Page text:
The way organizations make use of time, space and knowledge is being transformed as the time required to accumulate wealth and accomplish other objectives shortens, as geographic limitations on trade and other aspects of operations fade and as information becomes available instantly in nearly unlimited amounts.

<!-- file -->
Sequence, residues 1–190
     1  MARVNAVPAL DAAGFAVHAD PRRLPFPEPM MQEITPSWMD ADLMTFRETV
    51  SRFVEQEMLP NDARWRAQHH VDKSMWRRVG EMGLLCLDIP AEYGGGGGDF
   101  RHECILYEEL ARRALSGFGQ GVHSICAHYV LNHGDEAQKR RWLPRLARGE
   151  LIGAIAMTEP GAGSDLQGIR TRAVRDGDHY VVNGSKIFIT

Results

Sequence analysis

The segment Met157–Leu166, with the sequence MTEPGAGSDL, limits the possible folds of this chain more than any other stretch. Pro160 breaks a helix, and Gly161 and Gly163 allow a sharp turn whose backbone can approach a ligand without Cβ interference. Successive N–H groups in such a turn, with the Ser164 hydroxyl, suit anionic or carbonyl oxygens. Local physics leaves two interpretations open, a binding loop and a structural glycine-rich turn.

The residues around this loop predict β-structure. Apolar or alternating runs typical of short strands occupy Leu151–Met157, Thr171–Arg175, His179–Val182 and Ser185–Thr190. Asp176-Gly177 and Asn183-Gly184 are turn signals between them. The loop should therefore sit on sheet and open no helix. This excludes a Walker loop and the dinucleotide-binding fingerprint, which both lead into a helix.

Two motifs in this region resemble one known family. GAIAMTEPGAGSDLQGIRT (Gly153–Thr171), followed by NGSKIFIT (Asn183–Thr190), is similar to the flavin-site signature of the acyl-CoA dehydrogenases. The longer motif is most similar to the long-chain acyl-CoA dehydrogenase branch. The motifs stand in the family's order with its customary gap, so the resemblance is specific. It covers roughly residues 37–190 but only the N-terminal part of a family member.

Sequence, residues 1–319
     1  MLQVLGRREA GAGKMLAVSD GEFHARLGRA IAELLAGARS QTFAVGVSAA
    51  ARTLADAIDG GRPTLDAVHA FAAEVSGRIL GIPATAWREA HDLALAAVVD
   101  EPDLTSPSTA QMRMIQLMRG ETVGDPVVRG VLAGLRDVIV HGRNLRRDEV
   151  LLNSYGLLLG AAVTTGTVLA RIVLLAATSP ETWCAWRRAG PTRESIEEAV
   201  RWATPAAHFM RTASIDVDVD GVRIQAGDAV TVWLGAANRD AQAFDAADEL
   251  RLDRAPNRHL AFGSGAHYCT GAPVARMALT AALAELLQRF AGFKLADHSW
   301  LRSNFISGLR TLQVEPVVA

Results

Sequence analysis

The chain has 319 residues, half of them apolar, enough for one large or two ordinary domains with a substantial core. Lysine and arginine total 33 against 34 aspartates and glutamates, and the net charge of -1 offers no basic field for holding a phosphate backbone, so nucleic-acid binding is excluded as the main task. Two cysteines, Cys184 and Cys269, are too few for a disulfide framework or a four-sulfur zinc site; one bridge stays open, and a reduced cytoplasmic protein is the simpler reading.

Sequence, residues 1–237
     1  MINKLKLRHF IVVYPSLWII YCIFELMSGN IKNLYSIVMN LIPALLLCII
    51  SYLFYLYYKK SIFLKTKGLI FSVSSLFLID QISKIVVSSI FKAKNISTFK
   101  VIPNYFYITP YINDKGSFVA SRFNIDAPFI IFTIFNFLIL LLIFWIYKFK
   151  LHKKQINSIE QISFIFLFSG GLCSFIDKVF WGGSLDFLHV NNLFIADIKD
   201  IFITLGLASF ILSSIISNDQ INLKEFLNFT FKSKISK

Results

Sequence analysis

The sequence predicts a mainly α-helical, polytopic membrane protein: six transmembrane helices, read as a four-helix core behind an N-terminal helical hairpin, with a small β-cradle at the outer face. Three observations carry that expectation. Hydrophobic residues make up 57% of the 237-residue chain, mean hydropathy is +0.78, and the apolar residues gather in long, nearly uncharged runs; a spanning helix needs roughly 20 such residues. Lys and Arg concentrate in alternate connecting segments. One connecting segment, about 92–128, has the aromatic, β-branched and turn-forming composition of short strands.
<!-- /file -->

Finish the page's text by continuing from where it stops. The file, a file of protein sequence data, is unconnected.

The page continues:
Changes in the ways organizations leverage time, space and knowledge, however, are leading to desynchronization. A concept pioneered by Alvin Toffler, the theory of desynchronization suggests that different segments of society move at varying rates of change and that organizations must appreciate this fact. If we imagine, for instance, that technology is moving at 100 mph, but business only at 80 mph, government at 40 mph and education at 20 mph, we can see how this causes organizational performance to suffer. In this picture, education lags behind business and therefore produces the kind of employees businesses needed 15 or 20 years prior, not the employees they need now and, more importantly, in the future.